You may not have noticed, but President Barack Obama's electronic town hall meeting at Facebook last week was a carefully calculated first step to reassemble the voter coalition that won him the presidency in 2008. Officially, the president held a meeting about issues relating to the economy and national budget, but unofficially the president signaled a call to action for his campaign.
There's a reason that Obama chose Facebook.
The Obama victory in 2008 was a variant of past Democratic successes. His voter base consisted of disproportionate numbers of African Americans, Latinos, Women, union members, political independents, and young people. Democrats rarely win at the presidential level without pulling support from large numbers of these groups.
Part of the Obama strategy, however, was not just to get a majority of young people but a higher turnout level from this group. It worked. Young voters ages 18-29 voted for Obama over Republican John McCain by a sizable margin of 66 percent to 31 percent. More significantly, the turnout of this age group increased by a whopping 19 percent--far exceeding any other group. It wasn't by accident. A study by the Pew Research center in 2008 found that 25 percent of all young voters had been contacted by the Obama campaign, compared with 13 percent who were contacted by the McCain campaign.
All of which takes us back to the Facebook meeting. We have no statistics on the ages of Facebook employees, but a look at the room where Obama spoke would suggest that few, if any, of the attendees were planning for their golden years. This is a young, energetic, talented group slightly (if not more) ahead of the rest of us in understanding the new ways that people connect in life. Obama gets it. He's counting on social media users to spread the word, while dropping a few bucks in his campaign war chest. Many of those 100+ million Americans on Facebook fall into this description as well. They have become a critical component of the Obama coalition.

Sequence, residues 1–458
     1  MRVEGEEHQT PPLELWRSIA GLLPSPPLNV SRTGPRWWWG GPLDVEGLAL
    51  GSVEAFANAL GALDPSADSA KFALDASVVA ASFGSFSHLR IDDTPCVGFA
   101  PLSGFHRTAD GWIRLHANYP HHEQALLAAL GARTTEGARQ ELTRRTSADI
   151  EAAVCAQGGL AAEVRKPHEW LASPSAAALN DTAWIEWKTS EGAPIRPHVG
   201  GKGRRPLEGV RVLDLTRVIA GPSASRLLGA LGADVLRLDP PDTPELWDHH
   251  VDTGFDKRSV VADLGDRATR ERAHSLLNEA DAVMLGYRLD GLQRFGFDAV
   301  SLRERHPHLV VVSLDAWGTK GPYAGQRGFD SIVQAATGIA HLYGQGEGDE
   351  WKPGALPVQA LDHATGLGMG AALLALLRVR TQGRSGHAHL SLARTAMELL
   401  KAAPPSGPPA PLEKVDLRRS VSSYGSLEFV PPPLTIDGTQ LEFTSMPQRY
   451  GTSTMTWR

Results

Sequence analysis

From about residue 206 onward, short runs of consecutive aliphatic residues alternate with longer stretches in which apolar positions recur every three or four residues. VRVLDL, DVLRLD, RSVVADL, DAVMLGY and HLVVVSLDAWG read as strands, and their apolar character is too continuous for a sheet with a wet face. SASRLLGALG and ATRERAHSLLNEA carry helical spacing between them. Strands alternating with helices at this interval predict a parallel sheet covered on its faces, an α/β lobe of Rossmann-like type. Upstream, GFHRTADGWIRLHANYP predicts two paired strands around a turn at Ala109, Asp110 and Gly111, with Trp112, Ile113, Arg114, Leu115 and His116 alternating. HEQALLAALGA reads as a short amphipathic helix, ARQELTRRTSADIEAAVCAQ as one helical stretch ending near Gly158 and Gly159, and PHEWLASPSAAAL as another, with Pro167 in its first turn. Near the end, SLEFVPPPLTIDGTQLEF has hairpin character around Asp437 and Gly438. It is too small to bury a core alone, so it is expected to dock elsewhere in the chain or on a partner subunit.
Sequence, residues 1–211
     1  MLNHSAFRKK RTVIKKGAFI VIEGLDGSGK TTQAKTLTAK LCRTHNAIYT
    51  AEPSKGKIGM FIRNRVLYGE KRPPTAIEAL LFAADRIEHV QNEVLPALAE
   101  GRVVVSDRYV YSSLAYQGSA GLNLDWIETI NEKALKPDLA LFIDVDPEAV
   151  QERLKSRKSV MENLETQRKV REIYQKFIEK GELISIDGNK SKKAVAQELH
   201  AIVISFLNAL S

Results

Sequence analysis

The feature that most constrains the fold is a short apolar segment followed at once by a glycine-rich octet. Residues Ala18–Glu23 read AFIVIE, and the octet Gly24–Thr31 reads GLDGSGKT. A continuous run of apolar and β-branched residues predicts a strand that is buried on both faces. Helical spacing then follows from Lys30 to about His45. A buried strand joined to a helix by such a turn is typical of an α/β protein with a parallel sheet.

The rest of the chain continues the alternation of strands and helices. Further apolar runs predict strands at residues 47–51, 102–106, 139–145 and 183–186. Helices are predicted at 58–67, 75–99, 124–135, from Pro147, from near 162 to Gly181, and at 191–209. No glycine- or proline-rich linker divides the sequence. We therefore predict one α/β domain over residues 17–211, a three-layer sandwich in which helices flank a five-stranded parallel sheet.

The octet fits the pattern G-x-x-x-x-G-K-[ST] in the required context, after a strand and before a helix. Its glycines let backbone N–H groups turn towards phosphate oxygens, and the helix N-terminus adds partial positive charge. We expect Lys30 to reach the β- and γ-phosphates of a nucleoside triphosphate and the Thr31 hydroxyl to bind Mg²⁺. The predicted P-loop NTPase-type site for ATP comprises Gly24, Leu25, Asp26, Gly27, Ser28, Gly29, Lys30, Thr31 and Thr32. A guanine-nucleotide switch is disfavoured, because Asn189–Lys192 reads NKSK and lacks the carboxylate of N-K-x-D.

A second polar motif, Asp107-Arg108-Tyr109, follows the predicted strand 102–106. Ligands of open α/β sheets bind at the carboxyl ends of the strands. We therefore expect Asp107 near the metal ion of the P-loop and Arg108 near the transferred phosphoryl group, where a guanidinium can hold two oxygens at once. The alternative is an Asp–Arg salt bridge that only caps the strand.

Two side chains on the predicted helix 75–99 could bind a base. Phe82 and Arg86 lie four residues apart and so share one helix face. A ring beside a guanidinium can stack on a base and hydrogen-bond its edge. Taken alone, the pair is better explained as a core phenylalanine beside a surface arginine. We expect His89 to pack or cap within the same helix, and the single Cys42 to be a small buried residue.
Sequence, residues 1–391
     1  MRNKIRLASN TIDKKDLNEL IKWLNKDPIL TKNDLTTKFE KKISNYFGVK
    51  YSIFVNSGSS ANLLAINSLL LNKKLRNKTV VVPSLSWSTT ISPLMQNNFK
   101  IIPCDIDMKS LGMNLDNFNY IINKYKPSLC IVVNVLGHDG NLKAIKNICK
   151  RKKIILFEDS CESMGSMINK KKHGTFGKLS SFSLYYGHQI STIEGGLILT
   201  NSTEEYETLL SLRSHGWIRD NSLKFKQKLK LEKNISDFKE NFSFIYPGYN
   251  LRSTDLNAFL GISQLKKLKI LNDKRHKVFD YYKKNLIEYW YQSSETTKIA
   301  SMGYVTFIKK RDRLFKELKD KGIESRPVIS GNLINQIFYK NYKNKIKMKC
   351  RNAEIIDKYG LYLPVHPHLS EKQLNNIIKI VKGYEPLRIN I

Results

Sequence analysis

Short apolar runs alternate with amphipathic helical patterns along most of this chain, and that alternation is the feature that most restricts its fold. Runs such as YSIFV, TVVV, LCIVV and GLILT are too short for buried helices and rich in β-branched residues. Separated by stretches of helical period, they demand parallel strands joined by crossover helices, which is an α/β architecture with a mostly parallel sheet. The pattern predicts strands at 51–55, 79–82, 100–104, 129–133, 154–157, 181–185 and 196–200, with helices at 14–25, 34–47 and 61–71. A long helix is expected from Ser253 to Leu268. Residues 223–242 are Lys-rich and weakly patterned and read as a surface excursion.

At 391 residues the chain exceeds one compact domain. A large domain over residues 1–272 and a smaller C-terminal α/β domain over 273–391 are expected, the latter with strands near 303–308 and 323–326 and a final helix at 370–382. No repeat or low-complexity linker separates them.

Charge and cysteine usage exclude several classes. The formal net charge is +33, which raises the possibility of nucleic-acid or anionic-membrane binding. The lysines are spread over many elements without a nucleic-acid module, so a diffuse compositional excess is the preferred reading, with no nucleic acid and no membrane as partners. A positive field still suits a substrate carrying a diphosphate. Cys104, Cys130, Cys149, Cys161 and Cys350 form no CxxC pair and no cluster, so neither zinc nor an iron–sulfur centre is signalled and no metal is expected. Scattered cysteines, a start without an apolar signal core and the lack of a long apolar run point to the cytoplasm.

Going directly to the people has advantages and disadvantages in the dawn of the social media age. The advantage is that candidates can communicate directly with huge numbers of voters, eclipsing the outreach efforts of traditional campaign rallies. The disadvantage is that campaigns become more candidate-centric than ever, leaving behind political party organization. It's that lack of discipline that causes votes to break down in Congress and other legislative arenas.
Still, for the moment (and a long one, at that) Obama is miles ahead of anyone else in cultivating and managing his social media network. No other candidate has that kind of campaign capability as we head into the 2012 campaign.
None of this is to suggest that anyone on Facebook or any other site will vote for Obama in 2012 just because he communicates with them. It does point to a gold mine of potential voters who view Facebook as their window to the world, including political involvement. If Obama wins re-election in 2012, it will be because of his ability to once again connect with large numbers of this group.